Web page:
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Paul Ryan Talks 2012, Town Hall Protesters, Medicare, Tax Reform, and More!

8:00 AM, Apr 28, 2011 • By JOHN MCCORMACK
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During the town hall meetings of 2009 and other protests of the national health care bill, then-Speaker of the House Nancy Pelosi tried to marginalize the opposition as "astroturf" at best and "un-AmericanNeo-Nazis at worst.

Paul Ryan

For Paul Ryan, his detractors at the townhall meetings on his budget resolution are simply a normal and predictable part of American politics.

"Like the health care town hall crowds, there’s an effort from various groups to get their people into the town halls to [use] their talking points," Ryan told me Wednesday afternoon. But that doesn't make his opponents' criticism illegitimate.

“This is Wisconsin," Ryan says. "We have divergent political views. We have a lot of political diversity. Any town hall is going to represent that, some more than others.”

"I’ve come away from these town halls encouraged," says Ryan. "I’ve come away from these town halls impressed with how well people have versed themselves in budget problems and issues."

"The crowds have been overwhelmingly positive," he continues. (And you don't have to take his word for it: Just pick up the New York Times.)

Of course, the debate over Ryan's budget proposal has only just begun. In recent weeks, he's faced criticism not only from Democrats, but also from some potential 2012 Republican candidates.

Newt Gingrich suggested that future seniors (those now younger than 55 scheduled to get a Medicare subsidy when they turn 65 under Ryan's plan) should have the option to stay in the current Medicare system. What's wrong with that?  

"I don’t have a problem with that," Ryan replies. "I think it’s a fine idea worth considering. [Bill Clinton's budget director] Alice Rivlin and I have talked about that in the past."

But could his budget achieve the same amount of savings if future seniors had that choice?

Ryan says it's possible "because it wouldn’t be an open-ended fee for service system, like the current one for the under-55 plan. They would get a set amount of money to go toward the traditional fee for service and then, like current Medicare they’d probably buy coverage to supplement it. I would think a person would prefer a comprehensive plan like Medicare Advantage is today, but you can do this in a way that doesn’t have a budgetary effect, that it doesn’t bankrupt the program."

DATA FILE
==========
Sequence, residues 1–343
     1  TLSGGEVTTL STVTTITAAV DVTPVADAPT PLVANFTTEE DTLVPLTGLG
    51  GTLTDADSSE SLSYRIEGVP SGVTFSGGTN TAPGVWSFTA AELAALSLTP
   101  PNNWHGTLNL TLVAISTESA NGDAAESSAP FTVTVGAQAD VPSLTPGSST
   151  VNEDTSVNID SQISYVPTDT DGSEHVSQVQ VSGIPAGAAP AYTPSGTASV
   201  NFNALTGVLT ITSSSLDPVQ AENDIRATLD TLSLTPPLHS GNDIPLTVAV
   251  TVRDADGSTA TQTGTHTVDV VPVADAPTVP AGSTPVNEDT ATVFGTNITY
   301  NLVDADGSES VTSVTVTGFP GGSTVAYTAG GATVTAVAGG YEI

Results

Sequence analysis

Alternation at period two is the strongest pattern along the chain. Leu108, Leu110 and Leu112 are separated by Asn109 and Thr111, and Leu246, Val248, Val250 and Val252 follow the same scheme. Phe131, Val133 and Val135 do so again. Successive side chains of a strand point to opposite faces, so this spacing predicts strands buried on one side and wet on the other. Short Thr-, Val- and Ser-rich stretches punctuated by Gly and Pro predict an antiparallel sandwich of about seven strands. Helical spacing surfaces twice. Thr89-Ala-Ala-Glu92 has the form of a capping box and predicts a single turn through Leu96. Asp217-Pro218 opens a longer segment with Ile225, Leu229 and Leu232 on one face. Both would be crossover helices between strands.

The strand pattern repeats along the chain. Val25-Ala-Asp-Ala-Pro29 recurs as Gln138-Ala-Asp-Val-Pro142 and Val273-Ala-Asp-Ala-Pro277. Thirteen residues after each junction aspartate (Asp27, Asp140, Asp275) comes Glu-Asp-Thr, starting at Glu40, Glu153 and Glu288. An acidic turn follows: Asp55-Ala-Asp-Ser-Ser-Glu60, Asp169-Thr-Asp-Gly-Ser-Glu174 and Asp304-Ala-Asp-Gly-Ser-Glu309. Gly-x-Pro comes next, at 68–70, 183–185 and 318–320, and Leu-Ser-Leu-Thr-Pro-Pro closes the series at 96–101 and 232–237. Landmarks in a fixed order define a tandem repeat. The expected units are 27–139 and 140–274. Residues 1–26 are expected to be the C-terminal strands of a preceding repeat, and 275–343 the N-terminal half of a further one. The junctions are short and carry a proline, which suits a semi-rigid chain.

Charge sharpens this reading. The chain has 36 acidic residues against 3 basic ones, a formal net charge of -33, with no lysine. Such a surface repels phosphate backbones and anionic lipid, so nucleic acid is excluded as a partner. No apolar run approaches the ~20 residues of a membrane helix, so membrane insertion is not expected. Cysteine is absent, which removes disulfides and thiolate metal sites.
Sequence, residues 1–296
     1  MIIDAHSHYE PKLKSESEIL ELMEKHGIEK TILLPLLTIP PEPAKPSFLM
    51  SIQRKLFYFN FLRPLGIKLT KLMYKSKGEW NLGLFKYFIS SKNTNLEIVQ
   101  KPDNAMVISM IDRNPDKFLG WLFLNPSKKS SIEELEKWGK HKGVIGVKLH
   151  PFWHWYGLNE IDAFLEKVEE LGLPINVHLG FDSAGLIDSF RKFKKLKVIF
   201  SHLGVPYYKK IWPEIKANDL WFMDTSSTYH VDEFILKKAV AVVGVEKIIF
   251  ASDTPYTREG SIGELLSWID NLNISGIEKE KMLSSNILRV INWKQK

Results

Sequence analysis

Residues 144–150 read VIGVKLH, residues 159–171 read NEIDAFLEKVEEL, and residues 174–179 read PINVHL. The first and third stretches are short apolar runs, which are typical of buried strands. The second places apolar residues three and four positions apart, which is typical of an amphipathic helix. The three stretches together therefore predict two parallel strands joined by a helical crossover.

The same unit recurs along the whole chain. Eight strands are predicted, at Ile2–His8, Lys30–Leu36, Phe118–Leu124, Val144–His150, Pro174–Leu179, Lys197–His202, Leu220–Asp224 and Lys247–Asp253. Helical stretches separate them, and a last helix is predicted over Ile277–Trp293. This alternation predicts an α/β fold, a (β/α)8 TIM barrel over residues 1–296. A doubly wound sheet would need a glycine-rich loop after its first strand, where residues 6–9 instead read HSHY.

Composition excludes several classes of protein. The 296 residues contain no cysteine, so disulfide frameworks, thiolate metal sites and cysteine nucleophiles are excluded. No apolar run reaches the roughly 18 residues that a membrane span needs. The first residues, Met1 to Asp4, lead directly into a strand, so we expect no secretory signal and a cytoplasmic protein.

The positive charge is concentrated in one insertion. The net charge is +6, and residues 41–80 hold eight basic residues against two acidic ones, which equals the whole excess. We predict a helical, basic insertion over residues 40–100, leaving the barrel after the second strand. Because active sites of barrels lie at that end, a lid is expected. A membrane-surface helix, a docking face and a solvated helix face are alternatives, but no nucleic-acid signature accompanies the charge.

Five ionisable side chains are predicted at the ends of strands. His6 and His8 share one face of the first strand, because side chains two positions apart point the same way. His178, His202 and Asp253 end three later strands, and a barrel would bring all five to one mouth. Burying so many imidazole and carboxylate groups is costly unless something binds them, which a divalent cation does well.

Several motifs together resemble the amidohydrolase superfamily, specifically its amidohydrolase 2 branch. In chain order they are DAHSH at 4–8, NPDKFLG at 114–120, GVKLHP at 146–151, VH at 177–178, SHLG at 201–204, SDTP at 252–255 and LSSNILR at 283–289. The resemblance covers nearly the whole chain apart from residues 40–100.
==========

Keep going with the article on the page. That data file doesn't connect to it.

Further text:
Ryan was dismissive, however, of likely presidential candidate and former Minnesota governor Tim Pawlenty's idea to reform Medicare through "payment reforms" that would incentivize health care providers to produce better health care outcomes.

"Medicare has yet to do this successfully," Ryan told me. "The president wants his IPAB [Independent Payment Advisory Board] to do essentially the same thing. It’s very difficult for a centralized bureaucracy to do that.... When they get these targets, like the president is giving them, you know a half a trillion dollars, they just sort of do indiscriminate cutting across the board, lowering reimbursement to providers, causing providers to drop out of the program altogether."

Indiana governor Mitch Daniels seems to be the potential GOP presidential candidate most supportive of Ryan's plan. "I think that’s accurate," Ryan says. He's talked to Daniels recently about the budget in general but says "your guess is as good as mine" when asked for the odds that Daniels actually runs. 

Ryan continues to have high praise for Daniels. "He understands the issues and the system pretty well," Ryan says. "He understands if we don’t fix this now, people are going to get hurt."

But if no viable candidate emerges to champion real Medicare reform, would Ryan consider making a run for president himself?

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